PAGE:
Administrators of DB pension plans must consider insurers’ ESG capabilities, says Hymans Robertson

A new report from Hymans Robertson indicates that insurers’ ESG capabilities are a growing priority for DB pension plan administrators considering buyouts and buyouts.

The firm said trustees need a “critical understanding” of the role of ESG in order to take full advantage of it. The report, Spotlight: ESG in Risk Transfer Transactions, outlines four key areas of responsible investing that trustees should use when evaluating a potential insurer to partner with. These are: Culture, Inclusiveness, Stewardship, and Transparency which, when considered together, can help directors develop a longer term vision that was not necessarily encouraged by previous guidance.

Paul Hewitson, Head of ESG for Risk Transfer at Hymans Robertson and author of the report, said: “The primary duty of a DB trustee is to act in the best interests of its members and, for pension targeting buyout, part of that is partnering with insurers that they believe can meet the responsibility of paying benefits for its members over the long term. Trustees are now required to consider the risks and opportunities to their regime that climate change will bring over appropriate short, medium and long-term time frames Past guidance has traditionally focused on significant short-term risks, and not necessarily on an explicit consideration of the longer-term impacts of ESG factors and climate change.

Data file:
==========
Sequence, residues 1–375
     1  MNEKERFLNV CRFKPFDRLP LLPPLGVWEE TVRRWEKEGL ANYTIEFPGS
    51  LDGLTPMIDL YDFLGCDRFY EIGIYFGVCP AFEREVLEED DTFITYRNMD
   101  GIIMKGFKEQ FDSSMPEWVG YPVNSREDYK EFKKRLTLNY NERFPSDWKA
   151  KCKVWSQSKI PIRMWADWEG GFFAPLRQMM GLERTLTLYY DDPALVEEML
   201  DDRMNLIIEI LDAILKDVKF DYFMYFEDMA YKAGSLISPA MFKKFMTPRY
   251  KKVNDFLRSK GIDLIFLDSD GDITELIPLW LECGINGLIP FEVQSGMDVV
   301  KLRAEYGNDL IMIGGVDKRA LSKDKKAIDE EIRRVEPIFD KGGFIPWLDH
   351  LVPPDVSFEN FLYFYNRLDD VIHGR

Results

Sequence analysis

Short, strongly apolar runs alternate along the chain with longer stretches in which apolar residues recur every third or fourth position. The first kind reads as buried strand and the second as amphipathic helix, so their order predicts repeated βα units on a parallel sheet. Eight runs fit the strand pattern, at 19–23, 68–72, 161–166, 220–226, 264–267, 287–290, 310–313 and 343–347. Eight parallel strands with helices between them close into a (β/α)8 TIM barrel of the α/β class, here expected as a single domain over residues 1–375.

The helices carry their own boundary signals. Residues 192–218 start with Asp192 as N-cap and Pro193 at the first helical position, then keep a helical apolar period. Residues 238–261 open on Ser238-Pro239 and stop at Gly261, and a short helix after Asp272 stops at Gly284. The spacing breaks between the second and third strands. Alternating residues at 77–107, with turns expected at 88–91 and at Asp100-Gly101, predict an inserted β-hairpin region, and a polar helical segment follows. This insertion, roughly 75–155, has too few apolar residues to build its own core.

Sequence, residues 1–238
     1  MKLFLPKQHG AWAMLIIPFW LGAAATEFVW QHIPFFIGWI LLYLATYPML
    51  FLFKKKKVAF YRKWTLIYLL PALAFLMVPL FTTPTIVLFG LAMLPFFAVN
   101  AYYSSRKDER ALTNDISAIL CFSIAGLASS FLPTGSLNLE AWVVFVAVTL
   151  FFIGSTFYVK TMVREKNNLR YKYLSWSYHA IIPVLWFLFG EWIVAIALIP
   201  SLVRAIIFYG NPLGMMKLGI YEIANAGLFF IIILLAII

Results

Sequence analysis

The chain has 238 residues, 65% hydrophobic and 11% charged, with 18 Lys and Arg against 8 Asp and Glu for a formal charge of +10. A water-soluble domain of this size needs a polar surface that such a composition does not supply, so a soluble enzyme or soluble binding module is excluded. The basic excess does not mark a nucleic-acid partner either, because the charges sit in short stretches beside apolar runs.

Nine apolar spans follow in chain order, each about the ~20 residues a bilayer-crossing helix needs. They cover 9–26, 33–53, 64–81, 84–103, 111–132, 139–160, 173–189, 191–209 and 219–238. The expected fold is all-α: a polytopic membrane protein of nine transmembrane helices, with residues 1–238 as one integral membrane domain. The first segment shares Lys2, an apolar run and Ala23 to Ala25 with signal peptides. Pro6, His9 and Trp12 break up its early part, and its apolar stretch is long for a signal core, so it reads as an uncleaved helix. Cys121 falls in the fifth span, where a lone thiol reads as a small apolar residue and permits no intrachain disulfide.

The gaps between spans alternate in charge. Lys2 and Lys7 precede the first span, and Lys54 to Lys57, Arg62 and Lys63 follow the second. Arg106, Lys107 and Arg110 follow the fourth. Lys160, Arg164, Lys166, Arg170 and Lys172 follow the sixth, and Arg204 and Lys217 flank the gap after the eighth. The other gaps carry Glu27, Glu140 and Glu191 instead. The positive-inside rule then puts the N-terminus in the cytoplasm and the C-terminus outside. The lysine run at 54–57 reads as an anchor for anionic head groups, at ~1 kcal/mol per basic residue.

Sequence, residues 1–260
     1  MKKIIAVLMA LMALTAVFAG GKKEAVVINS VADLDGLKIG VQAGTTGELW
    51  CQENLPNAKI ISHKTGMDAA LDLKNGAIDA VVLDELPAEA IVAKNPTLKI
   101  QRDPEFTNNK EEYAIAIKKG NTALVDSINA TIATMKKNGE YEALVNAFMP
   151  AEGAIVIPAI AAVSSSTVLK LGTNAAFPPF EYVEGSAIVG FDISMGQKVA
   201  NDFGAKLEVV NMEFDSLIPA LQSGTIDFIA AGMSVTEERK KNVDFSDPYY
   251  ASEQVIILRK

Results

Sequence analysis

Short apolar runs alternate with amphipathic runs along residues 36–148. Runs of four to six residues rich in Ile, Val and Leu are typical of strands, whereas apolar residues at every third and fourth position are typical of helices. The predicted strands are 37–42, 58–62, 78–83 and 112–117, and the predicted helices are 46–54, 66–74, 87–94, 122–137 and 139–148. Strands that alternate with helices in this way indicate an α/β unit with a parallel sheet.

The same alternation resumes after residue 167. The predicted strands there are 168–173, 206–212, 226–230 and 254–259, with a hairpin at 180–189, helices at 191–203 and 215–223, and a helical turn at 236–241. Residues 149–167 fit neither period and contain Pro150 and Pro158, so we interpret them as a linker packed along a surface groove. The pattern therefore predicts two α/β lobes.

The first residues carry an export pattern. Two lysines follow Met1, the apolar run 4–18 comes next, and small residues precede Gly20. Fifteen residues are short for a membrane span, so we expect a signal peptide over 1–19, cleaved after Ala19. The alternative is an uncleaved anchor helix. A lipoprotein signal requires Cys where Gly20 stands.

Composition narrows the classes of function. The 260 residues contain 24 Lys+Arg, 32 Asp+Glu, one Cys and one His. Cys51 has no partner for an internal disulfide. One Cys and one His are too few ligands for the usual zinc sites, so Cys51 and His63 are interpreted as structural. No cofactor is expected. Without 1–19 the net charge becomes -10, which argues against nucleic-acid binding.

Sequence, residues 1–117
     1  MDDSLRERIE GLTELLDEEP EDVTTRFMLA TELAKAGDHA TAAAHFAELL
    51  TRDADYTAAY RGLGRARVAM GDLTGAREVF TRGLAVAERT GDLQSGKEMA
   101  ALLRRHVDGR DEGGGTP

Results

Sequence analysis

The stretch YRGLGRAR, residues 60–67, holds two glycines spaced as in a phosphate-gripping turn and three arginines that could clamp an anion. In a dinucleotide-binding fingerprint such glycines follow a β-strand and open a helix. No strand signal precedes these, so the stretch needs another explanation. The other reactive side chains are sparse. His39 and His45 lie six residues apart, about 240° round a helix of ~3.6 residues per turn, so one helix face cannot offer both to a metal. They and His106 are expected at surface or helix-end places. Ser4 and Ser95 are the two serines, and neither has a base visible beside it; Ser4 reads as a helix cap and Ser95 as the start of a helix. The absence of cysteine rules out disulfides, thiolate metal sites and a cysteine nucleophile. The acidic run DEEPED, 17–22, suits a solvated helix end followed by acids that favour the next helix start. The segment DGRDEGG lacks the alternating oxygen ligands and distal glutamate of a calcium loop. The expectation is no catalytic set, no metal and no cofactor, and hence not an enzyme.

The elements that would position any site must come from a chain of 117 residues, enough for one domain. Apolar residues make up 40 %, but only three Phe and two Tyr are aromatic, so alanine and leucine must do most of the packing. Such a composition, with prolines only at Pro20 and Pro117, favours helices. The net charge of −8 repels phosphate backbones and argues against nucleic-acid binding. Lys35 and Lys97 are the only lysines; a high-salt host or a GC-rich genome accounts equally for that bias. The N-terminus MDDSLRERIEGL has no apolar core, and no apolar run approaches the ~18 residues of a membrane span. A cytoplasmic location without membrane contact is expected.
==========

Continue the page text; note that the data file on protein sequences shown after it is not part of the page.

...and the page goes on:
Defined benefit pension plans are plans in which the benefits of a pension are clearly defined from the start, usually calculated as a percentage of final or average earnings throughout an employee’s career. The benefits of a defined contribution plan, on the other hand, are based on the performance of the investments underlying the retirement portfolio. Defined benefit plans are generally considered to be financially more onerous for employers and for this reason have lost popularity in recent years.

He added: “As it is likely that emerging risks like climate change could also affect the future financial strength of insurers, fiduciaries should take the time to understand how an insurer integrates ESG factors and climate-related risks into its standard process and its investment decision making. They can then compare an insurer’s approach with that of their own system, which will ultimately help them feel reassured that any risk transfer transaction will be in the best interests of members over the long term.

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He concluded, “As insurers continue to focus on responsible investment factors and follow recommended disclosures, fiduciaries will have even more information to identify differences and compare potential partners. Insurers disclose things like how they invest in socially beneficial projects and low-carbon initiatives, how they reject investments involved in controversial activities, or how they actively engage with companies they invest in to drive positive change from an ESG perspective.

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